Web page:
By Bob Allen
Eight Democratic senators including presidential candidate Bernie Sanders and former Saturday Night Live star Al Franken asked the Department of Education in a letter Dec. 18 to make public the names of colleges and universities asking for Title IX waivers that allow them to discriminate against LGBT students.
Senators Ron Wyden, Patty Murray, Jeff Merkley, Edward Markey, Barbara Boxer and Tammy Baldwin joined in the letter to Education Secretary Arne Duncan asking for greater transparency in the waiver process to Title IX, a federal law passed in 1972 that prohibits discrimination on the basis of sex in any federally funded education program or activity.
“We are concerned these waivers allow for discrimination under the guise of religious beliefs,” the senators said. “Already we have seen this same path used in our legal system to undermine benefits for women, and used to facilitate discrimination on the basis of sexual orientation or gender identity.”
The Column, a nonprofit LGBT media organization in Minnesota, recently reported the names of nearly three dozen private Christian colleges and universities asking the government to waive Title IX restrictions compiled from documents obtained in response to a Freedom of Information Act request filed in July. More than a dozen of the schools are affiliated with Baptist state conventions.
Similar language recommended to Baptist schools by Southern Baptist Convention attorney Jim Guenther sought waiver from Title IX provisions that “would not be consistent with the [Southern Baptist] Convention’s religious tenets regarding marriage, sex outside of marriage, sexual orientation, gender identity, pregnancy and abortion.”
Schools began requesting such waivers after the Obama administration issued guidance in 2014 that the Title IX discrimination prohibition “extends to claims of discrimination based on gender identity or failure to conform to stereotypical notions of masculinity or femininity.”
In September the Christian Legal Society hosted a webinar for religious schools and colleges offering guidance on same-sex issues in light of the June Supreme Court ruling in Obergefell v. Hodges legalizing same-sex marriage in all 50 states, along with a white paper and sample policies to safeguard against potential litigation.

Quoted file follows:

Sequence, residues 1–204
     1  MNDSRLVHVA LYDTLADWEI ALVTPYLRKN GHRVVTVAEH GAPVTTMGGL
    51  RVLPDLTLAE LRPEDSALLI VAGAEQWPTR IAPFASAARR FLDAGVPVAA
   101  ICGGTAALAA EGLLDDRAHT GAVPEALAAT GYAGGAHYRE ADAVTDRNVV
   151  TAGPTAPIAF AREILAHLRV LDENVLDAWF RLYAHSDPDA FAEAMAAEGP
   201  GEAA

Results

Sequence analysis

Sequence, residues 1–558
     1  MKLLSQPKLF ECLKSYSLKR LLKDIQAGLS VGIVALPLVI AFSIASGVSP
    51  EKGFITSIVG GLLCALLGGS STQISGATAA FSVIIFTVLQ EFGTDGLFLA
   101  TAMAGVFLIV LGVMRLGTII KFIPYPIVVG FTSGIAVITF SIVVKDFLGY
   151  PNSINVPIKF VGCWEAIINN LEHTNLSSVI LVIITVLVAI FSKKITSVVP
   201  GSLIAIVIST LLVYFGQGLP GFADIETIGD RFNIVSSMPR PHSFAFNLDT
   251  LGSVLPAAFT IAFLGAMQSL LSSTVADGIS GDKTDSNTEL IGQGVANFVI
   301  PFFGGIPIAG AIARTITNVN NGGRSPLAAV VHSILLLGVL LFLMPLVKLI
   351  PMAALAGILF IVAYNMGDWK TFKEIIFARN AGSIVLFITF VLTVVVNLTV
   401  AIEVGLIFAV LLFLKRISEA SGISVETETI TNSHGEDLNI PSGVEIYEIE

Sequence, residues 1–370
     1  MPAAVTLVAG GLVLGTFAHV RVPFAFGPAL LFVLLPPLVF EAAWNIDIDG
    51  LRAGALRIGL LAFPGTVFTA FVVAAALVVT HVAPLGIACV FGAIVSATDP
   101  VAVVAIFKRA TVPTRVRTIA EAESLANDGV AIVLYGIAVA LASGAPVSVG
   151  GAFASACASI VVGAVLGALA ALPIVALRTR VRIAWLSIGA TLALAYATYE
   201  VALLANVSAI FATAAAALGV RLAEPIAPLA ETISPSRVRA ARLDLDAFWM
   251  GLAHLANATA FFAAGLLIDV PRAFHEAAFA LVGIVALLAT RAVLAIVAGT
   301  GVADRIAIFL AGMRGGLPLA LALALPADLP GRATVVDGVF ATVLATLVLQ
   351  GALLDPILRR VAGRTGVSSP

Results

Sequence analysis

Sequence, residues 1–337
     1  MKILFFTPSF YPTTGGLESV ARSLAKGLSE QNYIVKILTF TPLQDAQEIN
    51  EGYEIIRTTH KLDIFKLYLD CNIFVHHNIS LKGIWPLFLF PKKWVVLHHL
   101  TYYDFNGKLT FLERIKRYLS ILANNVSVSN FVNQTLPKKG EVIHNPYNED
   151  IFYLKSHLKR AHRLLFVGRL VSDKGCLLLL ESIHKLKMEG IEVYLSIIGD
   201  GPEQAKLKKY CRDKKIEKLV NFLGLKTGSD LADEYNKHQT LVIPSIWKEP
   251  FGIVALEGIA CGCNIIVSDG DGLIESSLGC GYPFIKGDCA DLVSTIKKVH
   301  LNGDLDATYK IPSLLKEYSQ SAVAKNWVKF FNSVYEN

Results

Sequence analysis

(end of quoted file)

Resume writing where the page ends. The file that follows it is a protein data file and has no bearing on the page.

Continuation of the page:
According to The Column, total enrollment of schools that have received Title IX waivers tops 80,000 students and nearly $130 million in federal student aid and research dollars. The senators asked the Education Department to publish the waiver requests and responses on a searchable website accessible to the public.
“At the very minimum, we believe students, parents and taxpayers have a right to know when institutions of higher education — as recipients of tax dollars — seek and receive exemptions under Title IX as well as the justifications for those exemptions,” they said.
Soulforce, an LGBT rights organization founded in 1998 by Mel White — a ghostwriter for Jerry Falwell, Billy Graham and Pat Robertson before he came out as gay — held a strategy and action call Dec. 23 with students at schools that have received or requested religious exemptions to Title IX.
Soulforce has visited 13 of the schools during its Equality Ride, a periodic bus tour where young adults travel to conservative Christian schools to discuss homosexuality with students and administrators.
“We have spent more time debating with school presidents about their ‘right to discriminate’ than the substance of the impact of their discrimination,” said a Soulforce fundraising letter.
In the future Soulforce, now led by one-time Equality Ride co-director Haven Herrin, plans to organize students on campuses affected by the Title IX waivers to raise awareness about their impact on students and faculty.